Geoff recently joined the City Hearts board of trustees, bringing with him a wealth of experience, including a 32 year career with Merseyside Police.
Tell us a bit about yourself..
After two years as chief officer of the volunteer Special Constabulary, I finally retired from the force to concentrate on managing and leading the emergency response and medical services of the British Red Cross initially in the North then in national operations.
Translating my past experiences of supporting and helping those who are being held against their will into the charity sector, I developed a human trafficking response team in the North West of England. Drawing together partner agencies and professionals to train staff and volunteers, the team were then deployed into rescue centres, where survivors were received and supported in the initial hours following their liberation. I ensured that psycho-social experts were on hand to provide crucial help for both victims and their supporters affected by trauma.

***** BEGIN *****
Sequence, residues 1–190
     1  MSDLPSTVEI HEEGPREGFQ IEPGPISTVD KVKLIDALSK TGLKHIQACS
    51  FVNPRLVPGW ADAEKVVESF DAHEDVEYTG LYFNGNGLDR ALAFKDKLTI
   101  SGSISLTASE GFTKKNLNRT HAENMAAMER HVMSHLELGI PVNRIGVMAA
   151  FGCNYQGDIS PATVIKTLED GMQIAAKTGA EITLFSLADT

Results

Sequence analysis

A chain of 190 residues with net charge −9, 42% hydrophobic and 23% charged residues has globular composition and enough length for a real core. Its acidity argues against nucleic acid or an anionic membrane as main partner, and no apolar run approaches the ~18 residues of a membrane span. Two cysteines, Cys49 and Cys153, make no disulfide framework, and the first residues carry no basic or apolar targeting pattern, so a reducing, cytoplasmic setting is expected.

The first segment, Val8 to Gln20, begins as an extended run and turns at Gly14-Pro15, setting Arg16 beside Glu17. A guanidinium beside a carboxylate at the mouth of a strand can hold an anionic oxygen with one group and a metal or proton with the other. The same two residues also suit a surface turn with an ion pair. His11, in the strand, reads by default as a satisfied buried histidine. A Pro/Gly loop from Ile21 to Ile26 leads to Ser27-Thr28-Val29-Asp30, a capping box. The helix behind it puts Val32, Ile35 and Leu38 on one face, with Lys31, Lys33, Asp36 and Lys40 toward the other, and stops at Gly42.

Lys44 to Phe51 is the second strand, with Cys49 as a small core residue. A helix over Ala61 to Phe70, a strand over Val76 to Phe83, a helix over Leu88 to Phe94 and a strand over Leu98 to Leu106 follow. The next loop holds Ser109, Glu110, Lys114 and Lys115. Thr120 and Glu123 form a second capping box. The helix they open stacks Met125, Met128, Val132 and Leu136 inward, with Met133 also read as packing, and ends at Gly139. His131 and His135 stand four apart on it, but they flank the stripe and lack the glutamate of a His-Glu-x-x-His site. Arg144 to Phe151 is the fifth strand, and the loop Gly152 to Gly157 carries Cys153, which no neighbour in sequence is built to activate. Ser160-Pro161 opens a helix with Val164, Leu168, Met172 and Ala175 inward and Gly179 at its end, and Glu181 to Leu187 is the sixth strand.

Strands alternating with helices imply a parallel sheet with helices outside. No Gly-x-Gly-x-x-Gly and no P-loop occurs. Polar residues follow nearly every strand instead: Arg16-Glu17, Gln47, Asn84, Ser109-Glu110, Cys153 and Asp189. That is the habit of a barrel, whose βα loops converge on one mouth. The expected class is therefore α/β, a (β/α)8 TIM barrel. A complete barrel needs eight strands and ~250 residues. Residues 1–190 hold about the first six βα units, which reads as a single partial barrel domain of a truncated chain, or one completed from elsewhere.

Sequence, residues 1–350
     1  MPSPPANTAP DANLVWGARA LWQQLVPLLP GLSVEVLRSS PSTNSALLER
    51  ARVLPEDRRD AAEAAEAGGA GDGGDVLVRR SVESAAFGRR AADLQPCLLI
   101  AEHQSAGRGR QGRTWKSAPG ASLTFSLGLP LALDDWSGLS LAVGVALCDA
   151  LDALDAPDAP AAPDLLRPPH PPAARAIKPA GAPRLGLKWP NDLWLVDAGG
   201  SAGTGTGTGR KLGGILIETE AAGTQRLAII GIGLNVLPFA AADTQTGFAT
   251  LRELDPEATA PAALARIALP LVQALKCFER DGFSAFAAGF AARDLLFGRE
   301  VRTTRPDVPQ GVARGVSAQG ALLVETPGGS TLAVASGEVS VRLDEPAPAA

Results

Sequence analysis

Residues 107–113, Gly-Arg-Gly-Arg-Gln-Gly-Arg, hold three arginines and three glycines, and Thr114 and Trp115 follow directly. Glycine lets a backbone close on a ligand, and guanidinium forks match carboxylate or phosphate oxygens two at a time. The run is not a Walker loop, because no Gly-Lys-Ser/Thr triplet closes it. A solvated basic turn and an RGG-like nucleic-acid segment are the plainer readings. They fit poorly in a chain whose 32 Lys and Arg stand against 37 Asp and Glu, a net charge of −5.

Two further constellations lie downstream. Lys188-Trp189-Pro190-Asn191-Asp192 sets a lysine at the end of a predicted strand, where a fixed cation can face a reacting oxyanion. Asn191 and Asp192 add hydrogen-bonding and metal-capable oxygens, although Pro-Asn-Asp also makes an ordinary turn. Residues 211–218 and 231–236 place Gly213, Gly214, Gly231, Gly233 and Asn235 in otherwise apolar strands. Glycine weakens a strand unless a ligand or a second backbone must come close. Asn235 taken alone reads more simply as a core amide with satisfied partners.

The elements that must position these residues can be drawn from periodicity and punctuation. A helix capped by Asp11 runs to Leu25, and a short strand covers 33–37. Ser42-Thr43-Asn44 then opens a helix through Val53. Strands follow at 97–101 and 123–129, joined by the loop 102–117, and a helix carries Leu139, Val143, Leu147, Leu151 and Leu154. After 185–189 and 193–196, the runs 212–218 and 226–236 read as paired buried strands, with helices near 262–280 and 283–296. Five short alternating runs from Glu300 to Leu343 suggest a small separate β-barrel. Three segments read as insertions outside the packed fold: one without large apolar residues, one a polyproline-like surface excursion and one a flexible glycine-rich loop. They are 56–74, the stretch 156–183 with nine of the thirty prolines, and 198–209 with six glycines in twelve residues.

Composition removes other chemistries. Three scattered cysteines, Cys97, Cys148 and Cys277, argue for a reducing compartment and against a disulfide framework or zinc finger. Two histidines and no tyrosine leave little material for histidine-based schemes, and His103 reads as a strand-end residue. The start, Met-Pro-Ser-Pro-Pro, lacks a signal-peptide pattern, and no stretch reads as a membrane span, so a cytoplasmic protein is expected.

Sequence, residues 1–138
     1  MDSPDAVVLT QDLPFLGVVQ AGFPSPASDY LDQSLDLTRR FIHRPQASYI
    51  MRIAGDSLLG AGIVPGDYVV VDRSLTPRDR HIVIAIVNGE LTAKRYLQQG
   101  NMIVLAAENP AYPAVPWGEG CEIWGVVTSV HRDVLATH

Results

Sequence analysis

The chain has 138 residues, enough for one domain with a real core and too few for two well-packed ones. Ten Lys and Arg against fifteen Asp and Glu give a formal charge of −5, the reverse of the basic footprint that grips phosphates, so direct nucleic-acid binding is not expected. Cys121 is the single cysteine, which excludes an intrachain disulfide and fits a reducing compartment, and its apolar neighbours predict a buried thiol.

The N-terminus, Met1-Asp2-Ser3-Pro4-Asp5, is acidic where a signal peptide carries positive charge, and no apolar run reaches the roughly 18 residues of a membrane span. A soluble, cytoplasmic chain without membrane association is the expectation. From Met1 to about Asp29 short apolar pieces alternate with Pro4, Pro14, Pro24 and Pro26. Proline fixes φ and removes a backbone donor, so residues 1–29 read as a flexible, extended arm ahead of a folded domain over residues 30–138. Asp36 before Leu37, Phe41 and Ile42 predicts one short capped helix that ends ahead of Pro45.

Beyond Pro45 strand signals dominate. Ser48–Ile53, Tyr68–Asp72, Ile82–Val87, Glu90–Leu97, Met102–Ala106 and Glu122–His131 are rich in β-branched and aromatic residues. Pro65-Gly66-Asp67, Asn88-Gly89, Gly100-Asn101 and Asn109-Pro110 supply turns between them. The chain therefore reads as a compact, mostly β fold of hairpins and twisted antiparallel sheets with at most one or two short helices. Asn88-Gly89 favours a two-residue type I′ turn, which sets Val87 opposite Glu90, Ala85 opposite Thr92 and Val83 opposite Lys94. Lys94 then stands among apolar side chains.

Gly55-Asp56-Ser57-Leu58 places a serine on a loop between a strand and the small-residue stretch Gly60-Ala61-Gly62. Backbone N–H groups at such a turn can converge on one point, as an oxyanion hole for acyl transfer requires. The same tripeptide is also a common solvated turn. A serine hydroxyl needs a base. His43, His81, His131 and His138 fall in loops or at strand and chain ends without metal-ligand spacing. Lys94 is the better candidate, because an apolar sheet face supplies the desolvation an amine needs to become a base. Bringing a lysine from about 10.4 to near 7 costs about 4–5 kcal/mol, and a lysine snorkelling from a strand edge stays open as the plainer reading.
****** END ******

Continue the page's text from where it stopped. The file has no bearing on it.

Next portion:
Why are you a trustee?
Throughout the past 20 years, I have been involved in helping people in distress who have been held against their will. From first meeting City Hearts , I was inspired by their commitment and approach to supporting survivors of modern slavery and human trafficking. When the opportunity presented itself to join their board of Trustees, I jumped at the chance to work with this group of highly motivated and effective people with a proven track record of making a real difference to the lives of some of the most vulnerable people in the UK today.
What are you most excited about this year for City Hearts?
As a new trustee who is emerging from an extended period of shielding, I am most excited at being able to get out and to know the size and shape of City Hearts better. I am particularly looking forward to working alongside my fellow trustees and to being associated with an inspirational staff team, as more victims of human trafficking are supported and we make a real and measurable difference to their lives. I welcome the prospect of visiting some of the projects over the next 12 months and sharing the experiences of staff and survivors.